The NHS is under pressure like never before. Unfathomable demand, with an aging population needing more care, combined with an imperative to find £22bn of efficiency savings by 2020… just to keep afloat.
How to do it? Undoubtedly as one of the world’s last remaining nationalised industries there is bureaucracy, waste and procedures and practices that would drive business entrepreneurs around the bend and back again.
Despite its imperfections, affection for the NHS remains at an all-time high. Public fear of alternative systems; top-up-payments, insurance premiums and co-payments means these are all no-go areas for politicians.
Buying better, doing things better and cranking up efficiency are some of the approaches the NHS has to embrace.
Doing things differently.
At the heart of change is innovation; the management of information by the use of technology, device based self-care, remote care and diagnostics are all technologies that are available now; many on the smartphone in your pocket.
Why is the NHS such a slow adopter of technology? Stung by catastrophic forays into ‘big-technology’ and national programmes for IT, many of which ended in costly failure, the NHS is cautious and saddled with procurement rules that prevent it from being nimble.
Since its inception in 1948, the NHS has collected patient data; a treasure trove for public health planners and commissioners. Fears of breeches in confidentiality and the sheer size of the task to unravel it and who should have access, means this vital opportunity remains stalled in consultation and officialdom.
The NHS Digital Technology programme is a fresh approach to harness the power of technology and introduce the devices and systems we take for granted in our daily lives.
But, the step-change the NHS needs, the big push, is most likely to come from a frustrated public. Already apps are appearing that give 24-7 access, via Facetime and Skype to a GP. For a monthly fee a busy executive and their family can have access to instant opinions, diagnostics and prescriptions. No more hanging on the phone to make a GP appointment or juggling clunky websites to find a time that fits with a busy life.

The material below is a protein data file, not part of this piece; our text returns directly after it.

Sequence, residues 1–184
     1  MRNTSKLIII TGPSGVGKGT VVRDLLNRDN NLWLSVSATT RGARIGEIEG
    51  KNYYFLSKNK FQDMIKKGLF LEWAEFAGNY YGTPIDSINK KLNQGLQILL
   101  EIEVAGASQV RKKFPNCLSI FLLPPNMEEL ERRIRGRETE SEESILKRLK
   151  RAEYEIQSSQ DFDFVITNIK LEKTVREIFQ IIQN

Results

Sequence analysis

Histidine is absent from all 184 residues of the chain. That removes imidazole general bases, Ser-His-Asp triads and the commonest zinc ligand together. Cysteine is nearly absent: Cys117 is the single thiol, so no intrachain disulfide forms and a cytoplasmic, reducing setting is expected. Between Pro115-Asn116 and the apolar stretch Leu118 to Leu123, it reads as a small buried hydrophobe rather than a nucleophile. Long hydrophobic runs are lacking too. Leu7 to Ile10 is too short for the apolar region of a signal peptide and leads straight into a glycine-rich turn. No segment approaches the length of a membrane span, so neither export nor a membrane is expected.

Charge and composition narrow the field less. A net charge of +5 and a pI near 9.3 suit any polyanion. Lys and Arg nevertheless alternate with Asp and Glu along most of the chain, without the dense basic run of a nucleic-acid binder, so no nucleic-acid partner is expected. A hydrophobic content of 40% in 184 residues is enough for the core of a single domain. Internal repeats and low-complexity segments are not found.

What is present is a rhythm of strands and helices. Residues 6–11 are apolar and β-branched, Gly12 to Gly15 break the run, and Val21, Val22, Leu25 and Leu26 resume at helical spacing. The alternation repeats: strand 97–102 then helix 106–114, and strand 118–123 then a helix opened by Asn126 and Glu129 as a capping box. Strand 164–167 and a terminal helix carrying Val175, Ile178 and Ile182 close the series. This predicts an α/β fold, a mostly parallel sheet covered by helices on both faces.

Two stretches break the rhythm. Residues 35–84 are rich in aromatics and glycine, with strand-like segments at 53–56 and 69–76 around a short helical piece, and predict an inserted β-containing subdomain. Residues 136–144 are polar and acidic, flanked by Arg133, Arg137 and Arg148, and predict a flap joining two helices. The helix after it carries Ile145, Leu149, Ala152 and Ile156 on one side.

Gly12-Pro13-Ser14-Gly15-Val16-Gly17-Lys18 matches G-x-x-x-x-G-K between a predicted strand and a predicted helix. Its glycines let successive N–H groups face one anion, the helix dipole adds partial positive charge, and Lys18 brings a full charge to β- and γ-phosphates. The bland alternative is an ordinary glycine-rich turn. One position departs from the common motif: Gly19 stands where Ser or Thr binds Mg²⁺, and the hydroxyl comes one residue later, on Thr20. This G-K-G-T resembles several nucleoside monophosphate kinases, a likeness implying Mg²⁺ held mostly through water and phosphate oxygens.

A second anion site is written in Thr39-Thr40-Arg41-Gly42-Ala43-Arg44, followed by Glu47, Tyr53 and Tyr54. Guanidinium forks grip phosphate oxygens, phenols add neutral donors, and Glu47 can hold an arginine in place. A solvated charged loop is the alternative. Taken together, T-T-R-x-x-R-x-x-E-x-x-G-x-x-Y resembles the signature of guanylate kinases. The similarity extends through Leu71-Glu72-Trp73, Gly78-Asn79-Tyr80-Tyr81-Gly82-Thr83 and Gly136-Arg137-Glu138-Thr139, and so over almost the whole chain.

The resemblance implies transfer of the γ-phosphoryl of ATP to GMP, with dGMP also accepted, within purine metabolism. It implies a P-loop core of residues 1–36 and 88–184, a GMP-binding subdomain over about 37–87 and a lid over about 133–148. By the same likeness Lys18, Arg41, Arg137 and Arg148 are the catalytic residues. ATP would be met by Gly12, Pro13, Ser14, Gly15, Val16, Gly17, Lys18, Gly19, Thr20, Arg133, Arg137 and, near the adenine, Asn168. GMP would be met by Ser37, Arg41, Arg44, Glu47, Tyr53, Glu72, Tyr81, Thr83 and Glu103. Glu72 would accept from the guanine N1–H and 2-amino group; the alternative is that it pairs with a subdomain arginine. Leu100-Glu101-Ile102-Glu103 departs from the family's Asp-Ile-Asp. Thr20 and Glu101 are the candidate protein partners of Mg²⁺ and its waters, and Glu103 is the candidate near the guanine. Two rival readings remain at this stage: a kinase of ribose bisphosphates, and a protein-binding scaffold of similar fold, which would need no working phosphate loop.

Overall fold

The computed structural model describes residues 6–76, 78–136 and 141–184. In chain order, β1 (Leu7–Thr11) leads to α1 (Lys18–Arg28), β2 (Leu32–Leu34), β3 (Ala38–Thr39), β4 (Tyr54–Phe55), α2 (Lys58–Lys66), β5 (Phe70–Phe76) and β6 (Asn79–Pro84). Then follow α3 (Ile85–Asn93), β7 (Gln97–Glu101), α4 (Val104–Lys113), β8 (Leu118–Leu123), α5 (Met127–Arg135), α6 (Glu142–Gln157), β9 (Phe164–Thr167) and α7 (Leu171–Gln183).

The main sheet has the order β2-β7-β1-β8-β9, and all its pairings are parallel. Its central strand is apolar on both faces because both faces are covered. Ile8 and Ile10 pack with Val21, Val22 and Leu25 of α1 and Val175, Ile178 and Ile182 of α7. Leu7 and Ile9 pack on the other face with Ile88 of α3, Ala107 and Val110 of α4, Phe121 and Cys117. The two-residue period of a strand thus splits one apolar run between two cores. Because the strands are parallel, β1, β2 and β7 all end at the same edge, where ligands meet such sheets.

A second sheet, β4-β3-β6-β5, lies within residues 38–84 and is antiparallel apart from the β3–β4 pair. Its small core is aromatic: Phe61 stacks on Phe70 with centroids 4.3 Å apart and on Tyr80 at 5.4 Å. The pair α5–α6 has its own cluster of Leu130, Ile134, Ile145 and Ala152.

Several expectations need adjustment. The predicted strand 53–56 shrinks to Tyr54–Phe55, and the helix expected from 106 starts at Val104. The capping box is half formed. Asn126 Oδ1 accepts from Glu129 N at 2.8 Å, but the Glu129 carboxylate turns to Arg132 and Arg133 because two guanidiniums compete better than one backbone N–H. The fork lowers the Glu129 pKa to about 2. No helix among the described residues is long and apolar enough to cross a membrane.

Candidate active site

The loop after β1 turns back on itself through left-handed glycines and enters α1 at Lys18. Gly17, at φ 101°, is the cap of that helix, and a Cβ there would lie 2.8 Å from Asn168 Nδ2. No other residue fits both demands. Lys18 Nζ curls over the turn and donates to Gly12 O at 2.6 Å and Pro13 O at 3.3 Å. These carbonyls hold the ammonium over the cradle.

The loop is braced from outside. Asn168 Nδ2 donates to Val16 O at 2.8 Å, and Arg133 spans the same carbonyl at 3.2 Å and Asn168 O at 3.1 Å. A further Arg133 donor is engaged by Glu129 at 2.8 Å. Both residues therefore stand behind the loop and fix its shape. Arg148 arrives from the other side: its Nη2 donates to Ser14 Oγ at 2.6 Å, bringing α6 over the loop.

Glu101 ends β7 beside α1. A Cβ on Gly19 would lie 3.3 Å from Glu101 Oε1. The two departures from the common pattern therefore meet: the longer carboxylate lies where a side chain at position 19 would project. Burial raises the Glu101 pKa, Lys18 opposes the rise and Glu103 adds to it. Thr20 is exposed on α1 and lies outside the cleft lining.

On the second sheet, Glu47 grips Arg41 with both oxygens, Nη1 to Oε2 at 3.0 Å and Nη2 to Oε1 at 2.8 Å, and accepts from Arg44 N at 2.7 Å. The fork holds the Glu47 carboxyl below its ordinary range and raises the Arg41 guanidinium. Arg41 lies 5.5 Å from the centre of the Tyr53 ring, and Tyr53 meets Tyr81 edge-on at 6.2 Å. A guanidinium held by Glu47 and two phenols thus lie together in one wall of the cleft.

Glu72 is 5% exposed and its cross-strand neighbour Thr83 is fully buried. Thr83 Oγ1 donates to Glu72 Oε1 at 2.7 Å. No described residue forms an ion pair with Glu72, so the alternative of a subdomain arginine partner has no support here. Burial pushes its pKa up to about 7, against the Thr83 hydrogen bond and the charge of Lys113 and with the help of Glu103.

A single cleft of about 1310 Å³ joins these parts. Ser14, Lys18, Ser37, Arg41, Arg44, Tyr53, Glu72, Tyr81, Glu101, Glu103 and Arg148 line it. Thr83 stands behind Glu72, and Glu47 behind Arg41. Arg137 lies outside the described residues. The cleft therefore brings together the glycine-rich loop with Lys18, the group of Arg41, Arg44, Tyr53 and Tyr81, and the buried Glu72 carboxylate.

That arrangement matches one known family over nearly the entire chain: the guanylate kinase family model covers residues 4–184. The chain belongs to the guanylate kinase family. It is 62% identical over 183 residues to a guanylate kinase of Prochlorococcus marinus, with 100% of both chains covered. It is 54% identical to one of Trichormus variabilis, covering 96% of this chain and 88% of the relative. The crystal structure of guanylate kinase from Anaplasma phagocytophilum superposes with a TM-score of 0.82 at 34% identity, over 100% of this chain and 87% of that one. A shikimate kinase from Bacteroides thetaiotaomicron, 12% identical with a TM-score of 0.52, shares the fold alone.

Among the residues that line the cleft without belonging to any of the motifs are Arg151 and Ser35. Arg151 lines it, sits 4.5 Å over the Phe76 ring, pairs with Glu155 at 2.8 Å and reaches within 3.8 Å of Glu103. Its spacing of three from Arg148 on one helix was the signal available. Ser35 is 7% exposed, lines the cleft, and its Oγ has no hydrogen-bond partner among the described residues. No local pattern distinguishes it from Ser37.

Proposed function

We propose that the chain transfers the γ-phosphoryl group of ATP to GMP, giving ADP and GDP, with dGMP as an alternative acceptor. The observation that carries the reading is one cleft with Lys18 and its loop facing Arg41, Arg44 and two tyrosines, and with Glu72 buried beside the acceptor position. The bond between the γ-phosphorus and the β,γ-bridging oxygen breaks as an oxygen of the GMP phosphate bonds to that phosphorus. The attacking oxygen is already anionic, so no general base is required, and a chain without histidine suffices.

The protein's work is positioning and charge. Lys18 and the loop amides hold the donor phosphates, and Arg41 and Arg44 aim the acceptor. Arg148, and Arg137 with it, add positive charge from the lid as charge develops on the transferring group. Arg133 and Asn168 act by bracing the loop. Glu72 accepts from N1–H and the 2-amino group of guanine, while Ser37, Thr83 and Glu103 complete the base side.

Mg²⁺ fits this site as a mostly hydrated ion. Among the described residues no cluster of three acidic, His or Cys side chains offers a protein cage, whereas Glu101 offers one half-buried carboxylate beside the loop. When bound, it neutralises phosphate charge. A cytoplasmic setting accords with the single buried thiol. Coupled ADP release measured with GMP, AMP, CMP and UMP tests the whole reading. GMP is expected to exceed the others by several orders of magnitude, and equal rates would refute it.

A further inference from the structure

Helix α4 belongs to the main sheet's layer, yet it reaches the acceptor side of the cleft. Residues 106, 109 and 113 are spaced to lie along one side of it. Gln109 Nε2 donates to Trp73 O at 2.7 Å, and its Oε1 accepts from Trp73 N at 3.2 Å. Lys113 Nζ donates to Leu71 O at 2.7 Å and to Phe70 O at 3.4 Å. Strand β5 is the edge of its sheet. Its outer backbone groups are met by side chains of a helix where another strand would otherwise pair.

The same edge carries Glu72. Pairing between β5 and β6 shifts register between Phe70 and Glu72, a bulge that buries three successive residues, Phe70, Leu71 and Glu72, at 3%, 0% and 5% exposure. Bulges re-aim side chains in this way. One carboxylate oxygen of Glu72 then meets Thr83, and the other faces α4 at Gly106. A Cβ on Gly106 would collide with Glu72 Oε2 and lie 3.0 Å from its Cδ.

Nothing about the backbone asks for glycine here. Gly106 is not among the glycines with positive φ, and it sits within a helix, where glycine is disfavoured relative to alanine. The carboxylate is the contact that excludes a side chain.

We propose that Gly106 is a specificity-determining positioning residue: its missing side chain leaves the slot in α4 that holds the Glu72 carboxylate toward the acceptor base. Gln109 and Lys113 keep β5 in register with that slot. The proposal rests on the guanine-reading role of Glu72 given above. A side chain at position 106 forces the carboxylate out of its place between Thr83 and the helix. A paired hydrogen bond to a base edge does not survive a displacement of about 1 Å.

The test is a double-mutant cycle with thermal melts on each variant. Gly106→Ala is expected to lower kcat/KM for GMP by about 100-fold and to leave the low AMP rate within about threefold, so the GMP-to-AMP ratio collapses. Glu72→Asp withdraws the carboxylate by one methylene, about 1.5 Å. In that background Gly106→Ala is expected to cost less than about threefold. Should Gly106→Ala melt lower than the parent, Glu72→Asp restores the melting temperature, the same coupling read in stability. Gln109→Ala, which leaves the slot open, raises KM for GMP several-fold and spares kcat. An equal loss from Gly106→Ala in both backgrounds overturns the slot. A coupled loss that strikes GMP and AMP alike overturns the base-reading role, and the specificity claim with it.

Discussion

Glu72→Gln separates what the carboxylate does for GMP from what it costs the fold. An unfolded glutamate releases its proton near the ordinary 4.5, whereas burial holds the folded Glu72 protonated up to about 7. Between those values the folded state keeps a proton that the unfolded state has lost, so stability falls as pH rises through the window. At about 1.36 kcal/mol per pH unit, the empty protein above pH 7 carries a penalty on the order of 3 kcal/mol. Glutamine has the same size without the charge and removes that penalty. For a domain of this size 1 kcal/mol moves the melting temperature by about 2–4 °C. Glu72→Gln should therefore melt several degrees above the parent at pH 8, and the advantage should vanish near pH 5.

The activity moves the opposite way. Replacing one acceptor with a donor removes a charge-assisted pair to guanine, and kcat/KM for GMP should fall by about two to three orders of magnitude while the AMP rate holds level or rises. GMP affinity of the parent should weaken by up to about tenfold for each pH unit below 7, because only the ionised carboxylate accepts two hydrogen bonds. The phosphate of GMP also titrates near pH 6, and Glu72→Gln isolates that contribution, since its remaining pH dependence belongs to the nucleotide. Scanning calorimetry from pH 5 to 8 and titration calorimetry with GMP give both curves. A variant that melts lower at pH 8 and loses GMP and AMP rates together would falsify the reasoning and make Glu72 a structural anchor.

A recent announcement that all NHS premises will have Wi-Fi access, at last, puts the NHS on a par with every coffee shop in the high street. Opening this highway means creating an opportunity for Apps and the type of contact that is long overdue.
The market is full of smartphone based technology that can monitor everything from blood-sugar levels, to meters measuring lung function, blood pressure and a host of other vital signs. Linked to algorithms, patients with long-term conditions are spared the torment of practice and hospital clinics and waiting rooms. The moment they post an ‘outlier’ reading they can be called, counselled and cared for. Quicker, better and cheaper.
Recent entries include:
- Chat Health Hertfordshire – A school nurse App giving 11-19 year olds confidential help on a range of issues.
- The Lister Hospital’s RRC – An exciting ‘remote’ renal clinic connects dialysis and transplant patients from their own homes to the renal unit by video, an idea funded by the Small Business Research Initiative.
- Telehealth hub at Airedale Hospital – Remote face-to-face consultations have been made possible in nursing homes; improving care and reducing hospital admissions by over one third.
- Ieso digital health – In mental health, talking therapies are available, live from a conative therapist, on-line.
- Change4Life Sugar Smart – The latest entry is from Public Health England; their sugar App reads bar-codes and advises on sugar content.
The technologies are coming thick and fast. Interoperability is the next worry for the NHS. How to knit them together, interface them with legacy systems and make them meaningful for clinicians and helpful for the public.
It’s likely that Millennials (and soon enough Generation Z too) will be impatient for change. If they can book a holiday online, why not a doctor’s appointment? If they can access their bank on the move, why not their healthcare records, too? If they can buy an item from Amazon, delivered the same day, why not a prescription for their regular medication?
The shifting requirements of people lives, the need for austerity and the abundance of innovation might help re-launch the NHS. Digital technologies certainly are helping to strengthening communities across the UK, but how much of a part the NHS will play – only time will tell.